A prolonged sore throat once was considered a cancer worry mainly for smokers and drinkers. Today there’s another risk: A sexually transmitted virus is fueling a rise in oral cancer.
The HPV virus is best known for causing cervical cancer. But it can cause cancer in the upper throat, too, and a new study says HPV-positive tumors now account for a majority of these cases of what is called oropharyngeal cancer.
If that trend continues, that type of oral cancer will become the nation’s main HPV-related cancer within the decade, surpassing cervical cancer, researchers from Ohio State University and the National Cancer Institute report Monday.
“There is an urgency to try to figure out how to prevent this,” says Dr. Amy Chen of the American Cancer Society and Emory University, who wasn’t part of the new research.
While women sometimes get oral cancer caused by the HPV, the risk is greatest and rising among men, researchers reported in the Journal of Clinical Oncology. No one knows why, but it begs the question of whether the vaccine given to girls and young women to protect against cervical cancer also might protect against oral HPV.
HPV vaccination is approved for boys to prevent genital warts and anal cancer, additional problems caused by human papillomavirus. But protection against oral HPV hasn’t been studied in either gender, says Dr. Maura Gillison, a head-and-neck cancer specialist at Ohio State and senior author of the new research. That’s important, because it’s possible to have HPV in one part of the body but not the other, she says.
A spokeswoman for Merck & Co., maker of the HPV vaccine Gardasil, said the company has no plans for an oral cancer study.
Monday’s research was funded by the NCI and Ohio State. Gillison has been a consultant to Merck.
There are nearly 10,000 new cases of oropharyngeal cancer a year, and overall incidence has risen by 28 percent since 1988 even as other types of head-and-neck cancer have been declining.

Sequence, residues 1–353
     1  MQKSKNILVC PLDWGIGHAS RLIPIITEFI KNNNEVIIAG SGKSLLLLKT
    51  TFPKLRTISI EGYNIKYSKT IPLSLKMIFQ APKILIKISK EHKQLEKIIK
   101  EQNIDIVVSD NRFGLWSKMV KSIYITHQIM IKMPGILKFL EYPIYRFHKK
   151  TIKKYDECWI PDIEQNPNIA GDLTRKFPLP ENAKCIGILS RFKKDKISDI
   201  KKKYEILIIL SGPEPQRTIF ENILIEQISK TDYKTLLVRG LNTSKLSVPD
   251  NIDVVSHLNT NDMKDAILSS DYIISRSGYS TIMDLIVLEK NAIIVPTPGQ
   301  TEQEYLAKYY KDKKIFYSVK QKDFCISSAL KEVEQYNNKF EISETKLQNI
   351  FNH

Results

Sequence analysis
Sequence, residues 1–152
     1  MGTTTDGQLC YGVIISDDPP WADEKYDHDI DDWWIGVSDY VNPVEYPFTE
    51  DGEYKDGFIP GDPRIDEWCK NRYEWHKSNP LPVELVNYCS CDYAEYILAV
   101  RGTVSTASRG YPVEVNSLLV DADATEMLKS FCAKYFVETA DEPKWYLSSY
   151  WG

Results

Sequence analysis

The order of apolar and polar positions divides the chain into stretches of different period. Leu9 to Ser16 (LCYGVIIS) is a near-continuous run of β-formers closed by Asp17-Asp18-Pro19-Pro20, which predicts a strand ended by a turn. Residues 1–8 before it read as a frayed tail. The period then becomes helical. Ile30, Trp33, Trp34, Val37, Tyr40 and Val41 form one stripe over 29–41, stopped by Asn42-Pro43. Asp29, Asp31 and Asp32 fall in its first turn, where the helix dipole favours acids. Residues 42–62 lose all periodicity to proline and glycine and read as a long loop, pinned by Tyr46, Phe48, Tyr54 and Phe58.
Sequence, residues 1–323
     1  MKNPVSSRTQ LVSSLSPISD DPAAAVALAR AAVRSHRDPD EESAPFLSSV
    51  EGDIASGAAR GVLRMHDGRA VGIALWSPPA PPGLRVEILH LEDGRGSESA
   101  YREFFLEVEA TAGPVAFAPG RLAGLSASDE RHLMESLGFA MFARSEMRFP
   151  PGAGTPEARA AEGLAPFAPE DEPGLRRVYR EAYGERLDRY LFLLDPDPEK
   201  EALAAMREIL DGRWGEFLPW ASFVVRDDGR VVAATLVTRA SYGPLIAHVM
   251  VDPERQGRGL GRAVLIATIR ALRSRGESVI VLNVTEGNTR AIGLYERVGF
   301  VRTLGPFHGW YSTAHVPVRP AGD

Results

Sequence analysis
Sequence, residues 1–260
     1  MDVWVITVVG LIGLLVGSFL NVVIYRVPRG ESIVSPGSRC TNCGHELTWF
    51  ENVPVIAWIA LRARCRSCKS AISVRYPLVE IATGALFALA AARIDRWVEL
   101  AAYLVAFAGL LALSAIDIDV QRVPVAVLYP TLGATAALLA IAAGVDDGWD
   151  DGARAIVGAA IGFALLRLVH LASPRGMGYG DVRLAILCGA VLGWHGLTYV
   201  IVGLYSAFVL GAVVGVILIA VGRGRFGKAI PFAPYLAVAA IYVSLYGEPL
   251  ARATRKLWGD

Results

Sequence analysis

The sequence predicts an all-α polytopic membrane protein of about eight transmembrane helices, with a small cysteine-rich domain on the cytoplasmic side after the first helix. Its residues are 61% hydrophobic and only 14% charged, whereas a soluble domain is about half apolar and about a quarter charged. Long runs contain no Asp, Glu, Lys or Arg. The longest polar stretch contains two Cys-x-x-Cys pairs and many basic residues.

Tobacco and alcohol have long been the main causes of these tumors, which occur in the tonsils, base of the tongue and upper throat. But over the past few years, studies have shown HPV is playing a role in that rise, probably due to an increase in oral sex even as tobacco use was dropping.
The new study took a closer look, tracking HPV over time by directly testing tumor tissue from 271 patients that had been stored in cancer registries in Hawaii, Iowa and Los Angeles. The proportion that were HPV-positive rose from just 16 percent in the late 1980s to nearly 73 percent by the early 2000s.
Translate that to the overall population, and the researchers concluded that incidence rates of the HPV-positive tumors more than tripled while HPV-negative tumors dropped by half.
Oral cancer has always been a bigger threat to men than women. Gillison says women account for only about 1 in 4 cases, and their incidence is holding steady while men’s is rising. That raises questions about gender differences in sexual behavior or whether oral HPV infection is likely to linger longer in men.
While HPV is the most common sexually transmitted infection, studies show women’s bodies usually clear the virus from the cervix quickly; only an infection that persists for years is a cancer risk. It’s not known if oral HPV acts similarly or even is as common.
Nor is it clear if oral sex is the only way it’s transmitted, cautions Dr. Gregory Masters of the American Society for Clinical Oncology, an oncologist at Delaware’s Helen Graham Cancer Center.
Regardless, just over 11,000 cases of cervical cancer will be diagnosed this year, a number that has been dropping steadily thanks to better Pap smears. (It’s too soon to know what difference vaccination will make.) Gillison’s team calculated that annual cases of cervical cancer will drop to 7,700 by 2020 — compared with about 8,700 cases of HPV-positive oropharyngeal cancer by then, about 7,400 of them in men.
The cancer society’s Chen urged caution about those numbers, saying more data is needed. But she says two things are clear: First, patients with HPV-linked oral tumors have better survival odds than those with other types of this cancer, possibly because they tend to be younger. Studies are beginning to test if they can scale back today’s treatment and thus suffer fewer long-term side effects such as problems with speech and swallowing.
And “just because you’re not a smoker or drinker doesn’t mean you can’t get throat cancer,” Chen says — so get checked for symptoms like a throat that’s sore for longer than two weeks.
USA Today, For original article, Click Here.
J. Kyle Mathews, MD
Plano OB GYN Associates
Plano Urogynecology Associates